Wednesday May 20, 2020, the NeuroSchool PhD Program has invited Mikko Airavaara (University of Helsinki) for a seminar on endoplasmic reticulum homeostasis in cortex development and therapeutic implications for stroke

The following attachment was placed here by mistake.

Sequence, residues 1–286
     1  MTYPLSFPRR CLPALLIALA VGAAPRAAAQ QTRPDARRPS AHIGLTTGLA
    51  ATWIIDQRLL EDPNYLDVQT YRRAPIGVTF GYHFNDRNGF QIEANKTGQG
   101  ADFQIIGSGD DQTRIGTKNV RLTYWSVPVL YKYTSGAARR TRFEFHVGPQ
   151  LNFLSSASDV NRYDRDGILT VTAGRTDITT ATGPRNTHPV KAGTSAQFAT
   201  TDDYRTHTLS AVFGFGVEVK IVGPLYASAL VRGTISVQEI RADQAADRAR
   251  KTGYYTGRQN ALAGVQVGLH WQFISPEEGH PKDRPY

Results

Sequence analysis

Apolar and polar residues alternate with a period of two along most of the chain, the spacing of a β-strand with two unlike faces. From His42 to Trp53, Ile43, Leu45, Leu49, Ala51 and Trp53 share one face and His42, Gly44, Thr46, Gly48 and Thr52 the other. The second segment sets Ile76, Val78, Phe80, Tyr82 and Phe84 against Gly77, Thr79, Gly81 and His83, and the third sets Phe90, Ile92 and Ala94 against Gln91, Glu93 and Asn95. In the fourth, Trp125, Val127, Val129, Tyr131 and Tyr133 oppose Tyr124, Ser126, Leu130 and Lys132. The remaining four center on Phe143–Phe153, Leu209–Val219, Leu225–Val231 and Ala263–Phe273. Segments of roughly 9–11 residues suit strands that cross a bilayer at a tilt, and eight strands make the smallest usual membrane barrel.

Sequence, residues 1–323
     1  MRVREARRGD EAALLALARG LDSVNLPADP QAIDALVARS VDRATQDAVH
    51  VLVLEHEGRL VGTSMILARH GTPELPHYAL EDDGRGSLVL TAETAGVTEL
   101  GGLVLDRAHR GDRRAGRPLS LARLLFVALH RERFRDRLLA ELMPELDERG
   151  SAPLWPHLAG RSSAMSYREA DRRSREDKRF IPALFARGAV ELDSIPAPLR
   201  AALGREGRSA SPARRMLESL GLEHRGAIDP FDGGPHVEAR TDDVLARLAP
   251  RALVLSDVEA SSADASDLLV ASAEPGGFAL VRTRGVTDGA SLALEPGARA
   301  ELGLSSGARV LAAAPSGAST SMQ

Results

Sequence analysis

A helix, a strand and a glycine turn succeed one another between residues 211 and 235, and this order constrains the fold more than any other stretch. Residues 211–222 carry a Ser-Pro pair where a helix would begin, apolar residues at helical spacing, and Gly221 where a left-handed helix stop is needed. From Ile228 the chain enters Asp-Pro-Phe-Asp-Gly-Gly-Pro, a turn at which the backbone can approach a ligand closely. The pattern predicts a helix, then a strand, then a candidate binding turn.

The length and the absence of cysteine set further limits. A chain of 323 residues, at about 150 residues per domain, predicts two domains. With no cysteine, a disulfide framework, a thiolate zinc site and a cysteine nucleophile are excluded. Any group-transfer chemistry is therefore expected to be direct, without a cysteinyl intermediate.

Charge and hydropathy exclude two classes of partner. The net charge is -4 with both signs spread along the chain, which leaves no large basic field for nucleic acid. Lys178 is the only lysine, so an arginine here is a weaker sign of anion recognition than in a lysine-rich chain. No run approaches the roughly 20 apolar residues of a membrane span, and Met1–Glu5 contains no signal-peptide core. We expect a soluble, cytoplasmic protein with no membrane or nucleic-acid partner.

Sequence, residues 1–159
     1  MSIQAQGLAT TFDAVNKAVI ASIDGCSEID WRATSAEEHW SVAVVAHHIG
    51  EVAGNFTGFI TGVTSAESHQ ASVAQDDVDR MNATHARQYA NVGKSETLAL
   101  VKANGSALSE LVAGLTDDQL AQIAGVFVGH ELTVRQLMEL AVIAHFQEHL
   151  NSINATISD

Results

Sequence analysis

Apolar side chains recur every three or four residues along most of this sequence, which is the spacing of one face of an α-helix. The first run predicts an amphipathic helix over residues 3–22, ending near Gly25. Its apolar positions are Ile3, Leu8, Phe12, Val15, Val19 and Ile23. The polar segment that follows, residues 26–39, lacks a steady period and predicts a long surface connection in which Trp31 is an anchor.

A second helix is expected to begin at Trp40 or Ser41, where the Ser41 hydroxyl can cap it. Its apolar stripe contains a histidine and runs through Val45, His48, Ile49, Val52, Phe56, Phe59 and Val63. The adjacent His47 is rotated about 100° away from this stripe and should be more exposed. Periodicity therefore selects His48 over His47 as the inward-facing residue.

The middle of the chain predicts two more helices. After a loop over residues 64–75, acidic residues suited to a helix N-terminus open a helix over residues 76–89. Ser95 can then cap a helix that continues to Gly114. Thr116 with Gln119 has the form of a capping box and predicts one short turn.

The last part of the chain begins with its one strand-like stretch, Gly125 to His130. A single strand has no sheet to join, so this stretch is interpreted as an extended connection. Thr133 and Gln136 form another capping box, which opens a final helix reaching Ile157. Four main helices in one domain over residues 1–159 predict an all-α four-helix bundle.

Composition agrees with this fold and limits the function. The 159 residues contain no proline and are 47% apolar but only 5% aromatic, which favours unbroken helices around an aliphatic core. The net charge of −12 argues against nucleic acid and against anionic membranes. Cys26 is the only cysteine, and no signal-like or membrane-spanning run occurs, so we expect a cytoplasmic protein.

The lumen of the endoplasmic reticulum (ER) is the site of critical cellular processes such as protein maturation and trafficking, lipid synthesis and metabolism, intracellular vesicle production and calcium storage. ER stress occurs when the ER lumen can no longer perform these functions to maintain cellular homeostasis. The cell activates adaptive responses to ER stress such as the unfolded protein response (UPR) which serves to remove aberrantly fold proteins and restore the protein maturation and trafficking functions of the ER. Growing evidence supports a key role of ER stress and UPR in the both the brain development, protective and pathological mechanisms of neurodegenerative diseases (e.g. Alzheimer’s disease and Parkinson’s disease) and neurological insults (e.g. stroke and TBI). Recent studies have found novel neuroprotective mechanisms derived from the lumen of the ER. Following a stroke, cells undergo differential ER stress and UPR activation based on their relative proximity the infarction and severity of the ischemic event. Reestablishing proper functioning of ER is essential for neuroregeneration and neurorepair at the neurovascular unit and modulating the UPR represents a therapeutic target for neuroprotection and improving brain repair processes from stroke.